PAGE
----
Scale in CockroachDB is a bit different. It is a native capability that, in its most basic form, delivers horizontal scale without any operational overhead. It is a distributed database where each node can service both reads and writes across all participating nodes. So, with the simple addition of a new node into a cluster, you scale both storage capacity and transactional capacity. Also, data is not synchronized among the nodes. Rather, the cluster uses distributed consensus, writing the data in triplicate across several member nodes. No matter where the data lives, every node can access data anywhere in the cluster. All without any operational overhead other than starting a new node in the cluster!
High availability (HA) is important as it ensures you can access data and that you have backups in the event of a failure. And for legacy databases, such as PostgreSQL, you will typically obtain HA via deployment of an active/passive topology. In this configuration, you have a primary and a secondary instance of the database, and you’re doing some sort of synchronization between two instances to make sure that they’re in sync. So, when the primary fails, the secondary can come online. And then, when the crisis is resolved, you get the primary back online and you return to the original configuration.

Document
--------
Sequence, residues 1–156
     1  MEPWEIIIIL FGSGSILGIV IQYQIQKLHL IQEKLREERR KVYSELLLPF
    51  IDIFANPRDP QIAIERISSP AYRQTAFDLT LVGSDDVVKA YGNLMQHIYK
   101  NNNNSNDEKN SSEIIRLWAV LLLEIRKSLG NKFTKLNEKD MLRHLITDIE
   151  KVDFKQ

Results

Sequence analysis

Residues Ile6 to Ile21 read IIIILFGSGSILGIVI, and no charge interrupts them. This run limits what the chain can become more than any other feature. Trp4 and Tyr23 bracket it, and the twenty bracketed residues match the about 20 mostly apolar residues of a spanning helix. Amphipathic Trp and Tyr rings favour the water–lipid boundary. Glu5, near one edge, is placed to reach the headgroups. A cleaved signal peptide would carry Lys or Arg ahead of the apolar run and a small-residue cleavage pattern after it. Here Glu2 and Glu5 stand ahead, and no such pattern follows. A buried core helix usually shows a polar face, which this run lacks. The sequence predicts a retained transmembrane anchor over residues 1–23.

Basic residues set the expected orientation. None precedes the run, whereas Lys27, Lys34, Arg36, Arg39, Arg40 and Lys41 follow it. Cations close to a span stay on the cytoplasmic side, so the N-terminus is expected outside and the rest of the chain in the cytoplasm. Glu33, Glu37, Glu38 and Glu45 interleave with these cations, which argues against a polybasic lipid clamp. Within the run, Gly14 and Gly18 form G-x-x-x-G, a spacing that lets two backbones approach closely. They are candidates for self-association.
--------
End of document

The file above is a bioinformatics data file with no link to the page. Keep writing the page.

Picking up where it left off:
This approach has worked for some time, however, it is wrought with issues. First, the synchronization between primary and secondary can be complex and may be open to alignment issues between the two systems. Second, the time it takes for the secondary to come online after a failure could be substantial and you may lose data or transactions in the process. But what’s really scary is the remediation when two databases have been in production without syncing together. How do you know what’s correct within that data?
Again, CockroachDB naturally delivers high availability and does so without any complex or costly operations. As noted above, data is written in triplicate across several member nodes of the database, so that if an individual node fails, you still have two copies of the data. The database is even smart enough to notice if a replica is missing and will recreate it on another node so it ensures the replicas are complete.